Biodiversity & Conservation

, Volume 15, Issue 4, pp 1193–1217

The Banana Forests of Kilimanjaro: Biodiversity and Conservation of the Chagga Homegardens


DOI: 10.1007/s10531-004-8230-8

Cite this article as:
Hemp, A. Biodivers Conserv (2006) 15: 1193. doi:10.1007/s10531-004-8230-8


Natural flora, vegetation, diversity and structure of 62 traditional coffee–banana plantations on Kilimanjaro were investigated and compared with the other vegetation formations on this volcano on basis of over 1400 plots following the method of Braun-Blanquet. The vegetation of the so-called Chagga homegardens belongs floristically to the formation of ruderal vegetation forming two main communities that are determined by altitude. These coffee–banana plantations maintain a high biodiversity with about 520 vascular plant species including over 400 non-cultivated plants. Most species (194) occurring in the Chagga homegardens are forest species, followed by 128 ruderal species, including 41 neophytes. Typical of the agroforestry system of the Chagga homegardens is their multilayered vegetation structure similar to a tropical montane forest with trees, shrubs, lianas, epiphytes and herbs. Beside relicts of the former forest cover, which lost most of their former habitats, there are on the other hand (apophytic) forest species, which were directly or indirectly favoured by the land use of the Chagga people. High demand of wood, the introduction of coffee varieties that are sun-tolerant and low coffee prizes on the world marked endanger this effective and sustainable system.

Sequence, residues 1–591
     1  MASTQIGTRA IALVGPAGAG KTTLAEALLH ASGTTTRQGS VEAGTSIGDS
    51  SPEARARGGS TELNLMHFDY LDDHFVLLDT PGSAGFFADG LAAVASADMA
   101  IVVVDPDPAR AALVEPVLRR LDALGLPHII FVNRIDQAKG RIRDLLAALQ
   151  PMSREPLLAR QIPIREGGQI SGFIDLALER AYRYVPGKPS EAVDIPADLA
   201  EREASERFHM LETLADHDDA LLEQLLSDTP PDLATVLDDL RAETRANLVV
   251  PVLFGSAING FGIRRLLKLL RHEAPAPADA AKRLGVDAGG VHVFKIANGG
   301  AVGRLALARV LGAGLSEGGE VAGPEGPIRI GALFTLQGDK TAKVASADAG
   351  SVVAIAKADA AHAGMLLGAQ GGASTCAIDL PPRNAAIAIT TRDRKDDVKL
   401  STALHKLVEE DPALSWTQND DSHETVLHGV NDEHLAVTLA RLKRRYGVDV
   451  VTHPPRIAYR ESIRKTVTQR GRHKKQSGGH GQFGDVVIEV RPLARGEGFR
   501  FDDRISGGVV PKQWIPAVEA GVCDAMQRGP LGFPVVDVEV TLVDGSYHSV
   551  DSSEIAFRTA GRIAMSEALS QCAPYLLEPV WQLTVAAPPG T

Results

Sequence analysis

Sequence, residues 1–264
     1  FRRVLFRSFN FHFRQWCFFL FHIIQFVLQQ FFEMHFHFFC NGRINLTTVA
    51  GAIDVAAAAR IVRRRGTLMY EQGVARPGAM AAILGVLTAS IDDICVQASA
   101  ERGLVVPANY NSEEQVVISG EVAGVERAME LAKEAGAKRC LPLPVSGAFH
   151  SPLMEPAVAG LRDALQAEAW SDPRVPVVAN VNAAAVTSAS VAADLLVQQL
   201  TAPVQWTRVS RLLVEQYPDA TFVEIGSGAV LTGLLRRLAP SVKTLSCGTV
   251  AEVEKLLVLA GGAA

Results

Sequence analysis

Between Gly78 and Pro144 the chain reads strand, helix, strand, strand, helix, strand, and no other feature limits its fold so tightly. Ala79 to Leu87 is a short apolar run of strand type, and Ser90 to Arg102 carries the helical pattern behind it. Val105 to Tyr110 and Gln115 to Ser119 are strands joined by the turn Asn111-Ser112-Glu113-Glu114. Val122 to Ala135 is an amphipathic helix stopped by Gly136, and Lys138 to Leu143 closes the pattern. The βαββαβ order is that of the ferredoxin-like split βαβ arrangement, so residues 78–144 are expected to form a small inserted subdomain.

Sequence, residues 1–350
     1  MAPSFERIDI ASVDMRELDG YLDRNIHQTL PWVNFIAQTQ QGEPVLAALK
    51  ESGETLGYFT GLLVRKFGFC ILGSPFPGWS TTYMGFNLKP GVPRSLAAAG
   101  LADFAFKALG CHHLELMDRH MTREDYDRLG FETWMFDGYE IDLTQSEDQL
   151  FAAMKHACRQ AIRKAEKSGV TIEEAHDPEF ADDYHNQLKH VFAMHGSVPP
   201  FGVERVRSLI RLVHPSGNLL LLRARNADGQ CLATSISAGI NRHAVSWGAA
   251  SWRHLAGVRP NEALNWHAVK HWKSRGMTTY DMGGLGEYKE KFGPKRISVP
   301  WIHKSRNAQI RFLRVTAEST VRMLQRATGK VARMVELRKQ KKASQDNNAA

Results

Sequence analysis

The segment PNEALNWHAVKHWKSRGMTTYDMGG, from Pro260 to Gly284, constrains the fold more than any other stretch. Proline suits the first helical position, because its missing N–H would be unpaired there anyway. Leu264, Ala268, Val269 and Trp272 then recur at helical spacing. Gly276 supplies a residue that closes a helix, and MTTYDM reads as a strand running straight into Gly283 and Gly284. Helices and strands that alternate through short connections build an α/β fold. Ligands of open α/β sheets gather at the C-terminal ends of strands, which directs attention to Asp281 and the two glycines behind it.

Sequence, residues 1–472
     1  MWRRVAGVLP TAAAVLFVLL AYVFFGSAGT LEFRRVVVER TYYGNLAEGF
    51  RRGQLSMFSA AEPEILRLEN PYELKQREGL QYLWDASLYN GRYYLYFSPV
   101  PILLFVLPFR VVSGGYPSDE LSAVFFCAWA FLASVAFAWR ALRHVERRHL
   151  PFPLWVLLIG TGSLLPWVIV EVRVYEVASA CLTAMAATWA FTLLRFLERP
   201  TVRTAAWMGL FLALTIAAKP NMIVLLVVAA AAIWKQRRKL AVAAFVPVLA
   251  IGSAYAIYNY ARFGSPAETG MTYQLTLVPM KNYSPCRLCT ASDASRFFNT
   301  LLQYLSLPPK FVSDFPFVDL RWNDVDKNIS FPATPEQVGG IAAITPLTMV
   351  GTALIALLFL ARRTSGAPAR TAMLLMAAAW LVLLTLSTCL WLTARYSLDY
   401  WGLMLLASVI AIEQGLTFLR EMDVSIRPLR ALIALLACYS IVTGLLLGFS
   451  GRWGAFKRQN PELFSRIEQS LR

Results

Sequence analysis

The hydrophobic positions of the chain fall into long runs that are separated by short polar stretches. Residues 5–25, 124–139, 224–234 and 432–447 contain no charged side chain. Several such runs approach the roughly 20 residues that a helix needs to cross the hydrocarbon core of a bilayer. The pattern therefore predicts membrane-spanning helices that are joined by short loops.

AgroforestryApophytesCoffee–banana planationsEast AfricaEpiphytesKilimanjaroNeophytesRuderal vegetationTropical montane forest

Copyright information

© Springer 2006

Authors and Affiliations

  1. 1.Department of Plant PhysiologyUniversität BayreuthBayreuth